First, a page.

I use 3/8 5/8 ie thicker tubing with compression fittings for quite a while, and all of mine are always tightened all the way down, and none of mine have cut into tubing...maybe with the thinner wall tubing its a concern, or maybe depends on the particular brand of compression fittings. I can tighten most of mine all the way down by hand, but it gets tiring, so I use rubber tipped pliers and just tighten all way down. On other side, may not be necessary, but I have never had any leaks, so will continue to do it that way.

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    Quote Originally Posted by SoulsCollective View Post
    I see.

    I'm a little curious as to why you're posting this in a thread about whether you can over-tighten compressions, then
    Just pointing out that if tightening by hand isn't enough then you could use a wrench.

  9. #9
    Xtreme Cruncher SoulsCollective's Avatar
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    Except that a straight barb is an entirely different thing than a compression fitting.
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    Quote Originally Posted by SoulsCollective View Post
    Except that a straight barb is an entirely different thing than a compression fitting.
    Ok I know the differences between a barb and a compression, however my point is still valid as you could use tools to tighten either a barb or a compression fitting.

  11. #11
    Xtreme Cruncher SoulsCollective's Avatar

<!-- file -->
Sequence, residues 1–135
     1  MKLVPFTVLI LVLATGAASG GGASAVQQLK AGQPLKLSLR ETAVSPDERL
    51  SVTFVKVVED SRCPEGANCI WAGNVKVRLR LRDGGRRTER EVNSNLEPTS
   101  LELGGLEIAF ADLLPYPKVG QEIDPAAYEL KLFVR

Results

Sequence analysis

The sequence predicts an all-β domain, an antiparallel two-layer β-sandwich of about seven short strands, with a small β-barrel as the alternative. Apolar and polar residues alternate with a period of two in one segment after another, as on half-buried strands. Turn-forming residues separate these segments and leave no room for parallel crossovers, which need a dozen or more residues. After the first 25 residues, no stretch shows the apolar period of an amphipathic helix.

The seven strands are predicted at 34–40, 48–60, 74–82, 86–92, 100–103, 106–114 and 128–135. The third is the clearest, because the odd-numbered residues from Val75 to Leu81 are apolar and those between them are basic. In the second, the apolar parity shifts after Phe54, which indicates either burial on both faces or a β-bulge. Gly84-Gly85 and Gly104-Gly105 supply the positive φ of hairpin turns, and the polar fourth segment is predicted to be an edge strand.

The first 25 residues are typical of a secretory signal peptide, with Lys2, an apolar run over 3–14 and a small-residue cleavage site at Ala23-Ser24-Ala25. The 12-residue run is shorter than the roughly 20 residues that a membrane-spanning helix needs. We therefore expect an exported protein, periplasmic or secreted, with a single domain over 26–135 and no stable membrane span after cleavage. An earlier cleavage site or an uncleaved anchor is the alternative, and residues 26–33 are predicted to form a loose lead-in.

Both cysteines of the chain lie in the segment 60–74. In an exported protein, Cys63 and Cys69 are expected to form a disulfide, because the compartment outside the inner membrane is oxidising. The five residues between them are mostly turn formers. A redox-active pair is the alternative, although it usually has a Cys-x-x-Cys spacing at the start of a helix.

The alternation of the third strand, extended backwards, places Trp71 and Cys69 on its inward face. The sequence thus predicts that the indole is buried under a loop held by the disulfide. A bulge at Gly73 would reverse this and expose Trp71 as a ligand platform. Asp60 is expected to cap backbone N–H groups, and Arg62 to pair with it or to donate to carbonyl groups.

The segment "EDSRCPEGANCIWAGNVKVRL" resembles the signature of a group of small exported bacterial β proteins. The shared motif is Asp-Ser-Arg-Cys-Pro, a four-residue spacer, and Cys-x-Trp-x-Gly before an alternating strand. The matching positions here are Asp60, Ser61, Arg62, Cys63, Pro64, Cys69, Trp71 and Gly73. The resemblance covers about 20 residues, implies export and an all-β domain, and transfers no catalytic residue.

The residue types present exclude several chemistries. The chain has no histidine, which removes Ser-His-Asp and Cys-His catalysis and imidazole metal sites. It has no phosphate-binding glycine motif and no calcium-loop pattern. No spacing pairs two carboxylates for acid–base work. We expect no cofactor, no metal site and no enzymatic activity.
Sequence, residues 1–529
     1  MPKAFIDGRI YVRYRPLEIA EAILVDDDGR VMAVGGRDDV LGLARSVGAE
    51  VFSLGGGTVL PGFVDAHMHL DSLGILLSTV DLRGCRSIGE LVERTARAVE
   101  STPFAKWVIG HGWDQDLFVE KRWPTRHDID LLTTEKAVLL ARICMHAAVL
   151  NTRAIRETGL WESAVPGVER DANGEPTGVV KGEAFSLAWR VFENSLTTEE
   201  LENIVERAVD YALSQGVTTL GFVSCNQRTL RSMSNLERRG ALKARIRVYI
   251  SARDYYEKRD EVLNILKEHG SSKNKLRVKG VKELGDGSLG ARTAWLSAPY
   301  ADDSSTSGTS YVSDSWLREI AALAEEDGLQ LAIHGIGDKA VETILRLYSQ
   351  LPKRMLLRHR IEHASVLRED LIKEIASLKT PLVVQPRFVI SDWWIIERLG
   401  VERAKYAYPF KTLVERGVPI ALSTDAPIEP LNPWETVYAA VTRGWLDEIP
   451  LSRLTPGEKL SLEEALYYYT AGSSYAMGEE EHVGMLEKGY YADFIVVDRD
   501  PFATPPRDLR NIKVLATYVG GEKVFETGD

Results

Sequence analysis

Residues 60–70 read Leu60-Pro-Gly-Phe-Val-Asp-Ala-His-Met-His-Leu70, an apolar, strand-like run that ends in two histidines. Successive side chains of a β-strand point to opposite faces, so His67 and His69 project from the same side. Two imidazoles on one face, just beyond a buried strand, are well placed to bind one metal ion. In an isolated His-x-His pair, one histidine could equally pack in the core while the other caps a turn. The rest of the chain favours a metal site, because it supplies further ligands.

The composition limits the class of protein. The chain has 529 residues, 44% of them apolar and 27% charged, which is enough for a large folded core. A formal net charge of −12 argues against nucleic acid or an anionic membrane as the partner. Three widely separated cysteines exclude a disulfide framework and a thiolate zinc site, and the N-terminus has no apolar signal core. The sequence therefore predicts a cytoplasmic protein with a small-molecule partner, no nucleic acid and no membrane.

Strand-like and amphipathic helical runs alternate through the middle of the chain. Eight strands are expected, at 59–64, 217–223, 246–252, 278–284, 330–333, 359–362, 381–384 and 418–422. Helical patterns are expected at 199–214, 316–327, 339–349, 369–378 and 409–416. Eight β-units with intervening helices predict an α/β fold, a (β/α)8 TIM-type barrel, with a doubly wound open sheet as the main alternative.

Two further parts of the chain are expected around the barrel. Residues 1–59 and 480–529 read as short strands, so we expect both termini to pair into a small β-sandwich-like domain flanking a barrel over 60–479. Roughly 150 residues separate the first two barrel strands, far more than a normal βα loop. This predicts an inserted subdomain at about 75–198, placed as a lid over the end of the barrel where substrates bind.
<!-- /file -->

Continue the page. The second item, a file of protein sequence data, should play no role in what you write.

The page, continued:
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    Yes, you could, in the same way that you could use a blowtorch to both light a candle and repair your car. The use of the tool will have entirely different consequences depending on the specific application - in this case, using a wrench to tighten the collar of a compression fitting has a not insignificant chance of puncturing your tubing, causing system leaks.
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  12. #12
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    Quote Originally Posted by SoulsCollective View Post
    Yes, you could, in the same way that you could use a blowtorch to both light a candle and repair your car. The use of the tool will have entirely different consequences depending on the specific application - in this case, using a wrench to tighten the collar of a compression fitting has a not insignificant chance of puncturing your tubing, causing system leaks.
    I'm talking about tightening the fitting to say a GPU block, not tightening the compression on the tubing, Sorry if I wasn't clear.

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  13. #13
    Xtreme Member Philwong's Avatar
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    Quote Originally Posted by rge View Post
    Whether you use barbs with clamps or compression fittings, over time the tubing will be compressed, and allow further tightening. I dont know if its necessary to tighten any further, and I dont, just an observation.

    I use 3/8 5/8 ie thicker tubing with compression fittings for quite a while, and all of mine are always tightened all the way down, and none of mine have cut into tubing...maybe with the thinner wall tubing its a concern, or maybe depends on the particular brand of compression fittings. I can tighten most of mine all the way down by hand, but it gets tiring, so I use rubber tipped pliers and just tighten all way down. On other side, may not be necessary, but I have never had any leaks, so will continue to do it that way.
    I use 1/2" OD tubes on 1/2" BP compressions tightened all the way down, too. So far so good, no leak, cut or whatsoever.